I noted that while protease inhibitors were undeniably and deliriously great, so were their potential dangers for AIDS prevention and future generations of gay men if we didn't approach things with a solid knowledge of what might go wrong.
I recounted what happened when antibiotics were introduced to cure syphilis and gonorrhea after WWII. Back then experts predicted that both diseases would be completely eliminated from American life, and for a couple of years their rates did decline. But then they began to skyrocket. Why? Because people became complacent, prevention grew lax, and unprotected sex with multiple partners increased, thanks largely to the drugs -- and, a few years later, the Pill.
As a result, by the early 1980's 2.5 million Americans were contracting gonorrhea every year, and syphilis ranked as the third most common infectious disease in the nation. Even though antibiotics completely cured both diseases.
I predicted that if gay men allowed ourselves to become equally complacent about the new AIDS therapies -- which do not cure but merely suppress HIV -- our misguided optimism "could render the AIDS epidemic more intractable than it already is."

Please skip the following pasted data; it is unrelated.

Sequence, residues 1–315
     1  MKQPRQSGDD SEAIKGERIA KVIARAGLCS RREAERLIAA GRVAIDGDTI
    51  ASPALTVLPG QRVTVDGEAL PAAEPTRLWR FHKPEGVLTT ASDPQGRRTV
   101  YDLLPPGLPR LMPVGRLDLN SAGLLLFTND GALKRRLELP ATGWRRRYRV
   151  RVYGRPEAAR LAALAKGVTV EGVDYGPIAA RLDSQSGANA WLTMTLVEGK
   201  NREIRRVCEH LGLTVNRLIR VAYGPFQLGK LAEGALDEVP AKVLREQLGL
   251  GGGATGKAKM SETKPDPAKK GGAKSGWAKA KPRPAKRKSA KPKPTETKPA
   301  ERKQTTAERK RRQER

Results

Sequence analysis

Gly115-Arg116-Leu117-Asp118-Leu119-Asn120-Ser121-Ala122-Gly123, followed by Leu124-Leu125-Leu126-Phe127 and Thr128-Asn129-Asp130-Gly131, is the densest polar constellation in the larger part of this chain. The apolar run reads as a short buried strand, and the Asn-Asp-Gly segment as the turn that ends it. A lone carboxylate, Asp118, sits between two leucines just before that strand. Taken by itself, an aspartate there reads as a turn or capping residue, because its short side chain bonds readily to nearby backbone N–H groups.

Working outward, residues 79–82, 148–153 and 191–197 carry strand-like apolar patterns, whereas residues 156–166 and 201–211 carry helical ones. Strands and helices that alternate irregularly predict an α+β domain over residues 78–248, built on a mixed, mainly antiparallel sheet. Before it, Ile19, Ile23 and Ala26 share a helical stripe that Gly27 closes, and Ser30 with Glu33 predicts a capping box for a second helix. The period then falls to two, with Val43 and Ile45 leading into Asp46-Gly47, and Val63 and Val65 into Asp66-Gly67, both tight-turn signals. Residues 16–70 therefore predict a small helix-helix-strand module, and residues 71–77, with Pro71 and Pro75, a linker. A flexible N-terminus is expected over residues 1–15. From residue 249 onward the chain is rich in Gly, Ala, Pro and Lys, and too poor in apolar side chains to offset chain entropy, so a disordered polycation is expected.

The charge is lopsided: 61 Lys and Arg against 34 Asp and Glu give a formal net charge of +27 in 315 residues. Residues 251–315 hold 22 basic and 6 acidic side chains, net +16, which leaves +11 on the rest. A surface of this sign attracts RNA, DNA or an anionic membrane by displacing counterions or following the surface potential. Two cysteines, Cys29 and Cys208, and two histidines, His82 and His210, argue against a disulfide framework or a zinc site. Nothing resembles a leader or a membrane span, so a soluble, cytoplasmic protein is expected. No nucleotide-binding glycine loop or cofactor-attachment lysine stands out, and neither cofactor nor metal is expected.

One of the reasons the stakes were so high was because the advent of combo therapy actually held the promise of ending the AIDS epidemic among American gay men. Not symbolically ending it. Or turning it "from plague to disease," in Sullivan's words. But ending it. Altogether.
The reason is rooted in epidemiology and begins with the fact that sexually transmitted epidemics are affected by three basic variables, the so-called Triad of Risk: prevalence, infectivity and contact rate.
Prevalence is the percentage of people who are already infected in your pool of potential partners. Infectivity is the biological likelihood you might get infected in any given sexual encounter - very high for gonorrhea, much lower for HIV, etc. And Contact Rate describes how many sex partners the average person has in a given population such as gay men.